I’ve been having aberrant fantasies about a neon striped seafood buffet somewhere in the middle of the desert. I’m doing my best to arrange a vacation getaway to Las Vegas, the land of vice and degenerate corruption, dancing people in Asian-themed face paints and all manner of glimmer and noise. For me, the crux to any of the big Vegas resorts is the buffet, and just how vast and accessible the thing is. I’ve written before, at length, about my lifelong devotion and possible obsessions with the buffet style feeding system, that long sneeze-protected trough of self served food, that row of endless possibilities. There’s an inherent beauty in the idea of grabbing the portions you prefer, the right amount that fills you up without leaving you hungry for more or embarrassed with a leftover plate of orange chicken and bread pudding. It gives me disgusted pause at these places who serve you food that was clearly intended for a buffet, places that serve up a salad for you, letting you pick a few nuts and berries while they skimp on the dressing and pork proteins and then charge you an electric bill for the meal. Blasphemous, these places. I’ll let you charge me twelve dollars for a salad I didn’t make right after I’ve finished my suicide note and profane letter to congress. Keep the sprouts and knotted chunks of lettuce—I’m heading to Vegas—and in Vegas, shit goes on my plate with a ladle.
Kayla and I aren’t Vegas People(tm). We can barely consume alcohol, if any, and we’ve never danced in a club nor have we any impulse to do so. We visited the city of sin just the once together, and our idea of being pampered equated to overpaying for a high-rise room and only leaving it for the occasional buffet run or fifteen dollar bottle of Tylenol. We loved it though, simply existing amongst the lights and the food and the possibility of it all. The buffet stole my heart, this massive testament to the developments and availability mankind has to offer. Buffets in Vegas hotels and casinos are a “thing,” I’ve heard, as many of them tout the special flair that makes this particular buffet the one to visit after the circumcision of your child or any other event that requires scissors and alcohol. So, naturally, I’ve been planning our hotel stay to coincide with whatever buffet the place offers and if they have an adequate salad bar, plenty of bacon at the breakfast end, and a ranch dressing tub large enough to give birth in.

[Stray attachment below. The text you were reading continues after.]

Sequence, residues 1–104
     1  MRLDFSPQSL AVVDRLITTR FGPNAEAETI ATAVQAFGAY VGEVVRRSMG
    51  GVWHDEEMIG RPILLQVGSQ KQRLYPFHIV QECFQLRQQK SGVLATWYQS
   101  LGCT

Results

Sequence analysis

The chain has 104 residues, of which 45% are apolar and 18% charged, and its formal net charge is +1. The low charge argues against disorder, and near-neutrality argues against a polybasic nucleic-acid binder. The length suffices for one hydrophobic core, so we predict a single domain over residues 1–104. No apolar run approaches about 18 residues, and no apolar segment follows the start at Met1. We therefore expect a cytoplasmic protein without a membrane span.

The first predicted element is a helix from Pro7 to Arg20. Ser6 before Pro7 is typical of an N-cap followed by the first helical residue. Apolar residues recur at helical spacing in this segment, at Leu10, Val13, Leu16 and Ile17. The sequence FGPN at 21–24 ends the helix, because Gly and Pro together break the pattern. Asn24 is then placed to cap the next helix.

I imagine the coronation like some distressing fever, piles of drugs consumed in a short time span or a few too many vegetables from an unkept pantry, something rotten causes the colors to blur and the loud neon nightmare that Vegas has become is now twisted into something Tim Burton thought of by living in the woods and snorting lady bugs. I am the King of the Buffet, and every few years I bestow my presence upon Nevada to sample what the ragged and overworked peasantry has toiled all year long to present me with. A warped roving circus follows me everywhere, the size of the thing ten times what any normal carnival might travel with, and keeping pace with the slow droning bells and music, dozens of waif-thin jesters and frumpy sad clowns cartwheel and patter around an enormous wooden cart. On the platform, a six story high and perfectly round creature balances like the world’s largest yoga ball, decked in patched purple robes and jewelry, baby hands grasping at the air, and on its tiny head a crown of bejeweled bacon rests. It is me, the mighty Glutton King of the Buffet, and I’ve come to suckle and graze from this season’s harvest.
The feeding is the real spectacle. The casino floor starts to shake, and what sounds like bass feedback rumbles through the building, the sad clowns and skeletal jesters all coming to a halt and beginning to weep. An army of monkey butlers clad in little red tuxedos start climbing all over the Glutton King and the wooden platform that he arrived in, powered by thirty overfed horses with shrouded eyes and droopy hair. The monkeys work their way up the platform’s scaffolding, and after dropping an enormous black handle, a creaky and massive wooden crane snaps into gear, and starts swinging toward the piles and piles of salad fixings and shrimp scampi in phases 1 and 2 of the buffet. On the sides of the massive crane’s scoop are large steel letters, contorted by time, and they spell out “The Nurse,” the words painted and embossed by the first full bucket of ranch dressing making its way toward the King. After he’s near drowned by the salad bar, the crane will make its way toward the fried chicken, then the cakes and brownies, then finally to go with the equivalent of a post-dinner coffee—the casino patrons in crunchy but manageable groups of six.
The hotel and casino have been demolished, and reek of salt, seafood, and blood. The Glutton King has fallen into a deep slumber, only to be awoken for a Penn & Teller show later that evening, and following that, the complete rape of another casino buffet, and then maybe Cirque du Soleil if there’s time. After a full night of terror and bewildered slaughter, the platform withdraws slowly, the droning circus music in tune with the clump of each overweight horse step, and as the entire show leaves through the massive hole in the wall that was created on entry, the light of morning shoots through and illuminates the carnage left behind. A casino floor, demolished. The bones of patrons who stepped too close to the omelet bar, everywhere. Everything ruined, and everything ultimately to be restored for the King’s visit in the next season. As The King and his circus move toward the horizon, a purple shimmering light fills the atmosphere, and in a blink the whole thing is gone, off to the other realms, and seconds later, the sky starts to rain buffalo wings.
Music in this episode:
happiness in aeroplanes – autobahnen
Telegraphy – Its In The Attic On The Right